The Trespasser by D H Lawrence Page 1 of 226
By D. H. Lawrence
'Take off that mute, do!' cried Louisa, snatching her fingers from the piano keys, and turning abruptly to the violinist.
Helena looked slowly from her music.
'My dear Louisa,' she replied, 'it would be simply unendurable.' She stood tapping her white skirt with her bow in a kind of a pathetic forbearance.
'But I can't understand it,' cried Louisa, bouncing on her chair with the exaggeration of one who is indignant with a beloved. 'It is only lately you would even submit to muting your violin. At one time you would have refused flatly, and no doubt about it.'
'I have only lately submitted to many things,' replied Helena, who seemed weary and stupefied, but still sententious. Louisa drooped from her bristling defiance.
'At any rate,' she said, scolding in tones too naked with love, I don't like it.'
'Go on from Allegro,' said Helena, pointing with her bow to the place on Louisa's score of the Mozart sonata. Louisa obediently took the chords, and the music continued.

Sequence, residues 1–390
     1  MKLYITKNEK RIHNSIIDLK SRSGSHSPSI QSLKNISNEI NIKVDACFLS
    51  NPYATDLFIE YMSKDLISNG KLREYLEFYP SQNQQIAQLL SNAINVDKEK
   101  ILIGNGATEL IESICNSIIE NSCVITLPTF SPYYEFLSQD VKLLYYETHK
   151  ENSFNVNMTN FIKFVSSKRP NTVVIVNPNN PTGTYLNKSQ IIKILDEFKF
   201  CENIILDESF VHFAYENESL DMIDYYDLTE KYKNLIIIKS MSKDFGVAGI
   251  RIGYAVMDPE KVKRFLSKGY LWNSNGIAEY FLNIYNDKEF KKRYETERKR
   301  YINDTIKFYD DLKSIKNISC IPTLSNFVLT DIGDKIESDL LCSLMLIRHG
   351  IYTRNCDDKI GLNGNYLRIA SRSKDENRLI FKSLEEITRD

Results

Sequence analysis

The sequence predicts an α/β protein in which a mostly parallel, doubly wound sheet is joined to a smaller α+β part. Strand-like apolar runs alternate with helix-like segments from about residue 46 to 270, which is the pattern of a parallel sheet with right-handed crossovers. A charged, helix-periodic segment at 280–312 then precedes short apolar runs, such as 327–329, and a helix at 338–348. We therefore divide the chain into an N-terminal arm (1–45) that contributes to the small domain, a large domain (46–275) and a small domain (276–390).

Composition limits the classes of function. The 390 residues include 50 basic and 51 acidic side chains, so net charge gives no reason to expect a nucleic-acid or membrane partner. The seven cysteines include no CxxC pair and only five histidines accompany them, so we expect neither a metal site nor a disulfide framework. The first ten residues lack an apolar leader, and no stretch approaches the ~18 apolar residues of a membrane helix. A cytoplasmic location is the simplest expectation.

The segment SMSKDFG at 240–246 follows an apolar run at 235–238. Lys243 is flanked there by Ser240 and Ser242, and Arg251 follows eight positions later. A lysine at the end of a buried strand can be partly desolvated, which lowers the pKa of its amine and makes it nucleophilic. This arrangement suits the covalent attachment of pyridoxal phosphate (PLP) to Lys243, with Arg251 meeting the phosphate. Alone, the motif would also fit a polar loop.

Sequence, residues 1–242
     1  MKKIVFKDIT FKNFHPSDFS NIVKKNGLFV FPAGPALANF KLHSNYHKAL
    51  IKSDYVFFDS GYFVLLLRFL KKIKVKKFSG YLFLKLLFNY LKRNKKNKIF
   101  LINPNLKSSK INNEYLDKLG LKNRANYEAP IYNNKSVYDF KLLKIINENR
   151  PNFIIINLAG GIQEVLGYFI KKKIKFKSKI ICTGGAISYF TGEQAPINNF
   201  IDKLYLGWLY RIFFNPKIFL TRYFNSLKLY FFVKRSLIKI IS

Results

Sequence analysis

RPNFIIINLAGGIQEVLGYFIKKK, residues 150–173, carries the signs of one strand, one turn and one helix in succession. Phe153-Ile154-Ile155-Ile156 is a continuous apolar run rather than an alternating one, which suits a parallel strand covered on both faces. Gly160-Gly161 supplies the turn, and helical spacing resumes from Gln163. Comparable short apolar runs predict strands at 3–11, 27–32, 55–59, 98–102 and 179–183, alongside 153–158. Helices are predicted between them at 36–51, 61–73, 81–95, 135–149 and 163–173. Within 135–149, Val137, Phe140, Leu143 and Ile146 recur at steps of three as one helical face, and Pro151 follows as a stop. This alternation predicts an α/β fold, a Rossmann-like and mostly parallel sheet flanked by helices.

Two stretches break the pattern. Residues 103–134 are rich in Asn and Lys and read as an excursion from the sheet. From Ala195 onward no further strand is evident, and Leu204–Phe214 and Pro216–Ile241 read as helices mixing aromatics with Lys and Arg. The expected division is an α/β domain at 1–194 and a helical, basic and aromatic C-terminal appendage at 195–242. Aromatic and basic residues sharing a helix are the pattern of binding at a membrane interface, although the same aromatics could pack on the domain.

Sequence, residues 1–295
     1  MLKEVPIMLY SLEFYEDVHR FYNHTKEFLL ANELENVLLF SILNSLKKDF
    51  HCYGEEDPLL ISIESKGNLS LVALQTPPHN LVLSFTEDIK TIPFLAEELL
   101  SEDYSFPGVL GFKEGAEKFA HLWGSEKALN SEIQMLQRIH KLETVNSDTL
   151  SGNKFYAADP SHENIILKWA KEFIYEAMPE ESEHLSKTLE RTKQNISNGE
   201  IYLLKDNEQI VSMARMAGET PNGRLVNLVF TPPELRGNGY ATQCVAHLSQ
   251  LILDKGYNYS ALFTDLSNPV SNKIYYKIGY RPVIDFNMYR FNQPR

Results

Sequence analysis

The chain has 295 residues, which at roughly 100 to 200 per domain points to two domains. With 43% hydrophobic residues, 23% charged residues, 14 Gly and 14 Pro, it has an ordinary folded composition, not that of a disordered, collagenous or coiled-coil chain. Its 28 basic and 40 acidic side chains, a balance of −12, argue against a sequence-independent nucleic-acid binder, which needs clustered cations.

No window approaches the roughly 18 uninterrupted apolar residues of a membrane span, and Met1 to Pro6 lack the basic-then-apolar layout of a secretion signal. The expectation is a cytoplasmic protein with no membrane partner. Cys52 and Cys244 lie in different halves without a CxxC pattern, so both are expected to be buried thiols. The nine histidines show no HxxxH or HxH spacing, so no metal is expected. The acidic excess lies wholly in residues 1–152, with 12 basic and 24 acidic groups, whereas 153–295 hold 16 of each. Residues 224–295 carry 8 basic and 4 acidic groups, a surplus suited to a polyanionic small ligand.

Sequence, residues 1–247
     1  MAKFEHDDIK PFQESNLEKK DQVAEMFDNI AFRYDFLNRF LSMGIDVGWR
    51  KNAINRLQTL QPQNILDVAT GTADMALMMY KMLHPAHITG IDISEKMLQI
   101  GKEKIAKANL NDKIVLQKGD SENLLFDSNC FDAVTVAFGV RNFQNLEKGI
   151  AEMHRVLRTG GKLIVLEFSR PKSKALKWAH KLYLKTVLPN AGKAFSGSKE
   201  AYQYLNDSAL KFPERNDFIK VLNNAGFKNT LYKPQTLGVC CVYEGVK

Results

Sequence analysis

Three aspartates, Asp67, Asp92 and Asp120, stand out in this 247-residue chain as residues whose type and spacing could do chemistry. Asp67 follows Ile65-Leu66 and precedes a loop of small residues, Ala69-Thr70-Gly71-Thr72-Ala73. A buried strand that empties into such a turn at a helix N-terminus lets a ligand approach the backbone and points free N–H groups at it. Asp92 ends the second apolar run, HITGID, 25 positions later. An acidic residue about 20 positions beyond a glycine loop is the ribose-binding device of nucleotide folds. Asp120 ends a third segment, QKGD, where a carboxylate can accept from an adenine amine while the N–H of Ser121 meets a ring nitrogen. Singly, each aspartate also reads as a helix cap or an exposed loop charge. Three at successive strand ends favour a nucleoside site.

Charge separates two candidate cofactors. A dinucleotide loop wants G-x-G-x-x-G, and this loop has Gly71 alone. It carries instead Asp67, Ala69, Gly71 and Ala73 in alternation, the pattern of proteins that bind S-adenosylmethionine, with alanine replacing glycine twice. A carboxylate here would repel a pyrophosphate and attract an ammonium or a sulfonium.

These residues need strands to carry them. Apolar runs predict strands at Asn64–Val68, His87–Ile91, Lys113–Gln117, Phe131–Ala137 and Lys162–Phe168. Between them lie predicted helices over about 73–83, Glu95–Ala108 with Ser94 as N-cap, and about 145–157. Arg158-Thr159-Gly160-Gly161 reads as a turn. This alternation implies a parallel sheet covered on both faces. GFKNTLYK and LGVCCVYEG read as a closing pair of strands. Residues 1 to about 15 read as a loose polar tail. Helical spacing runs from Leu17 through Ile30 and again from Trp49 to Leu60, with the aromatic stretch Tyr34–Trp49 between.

A young man, reclining in one of the wicker arm-chairs by the fire, turned luxuriously from the girls to watch the flames poise and dance with the music. He was evidently at his ease, yet he seemed a stranger in the room.
It was the sitting-room of a mean house standing in line with hundreds of others of the same kind, along a wide road in South London. Now and again the trams hummed by, but the room was foreign to the trams and to the sound of the London traffic. It was Helena's room, for which she was responsible. The walls were of the dead-green colour of August foliage; the green carpet, with its border of polished floor, lay like a square of grass in a setting of black loam. Ceiling and frieze and fireplace were smooth white. There was no other colouring.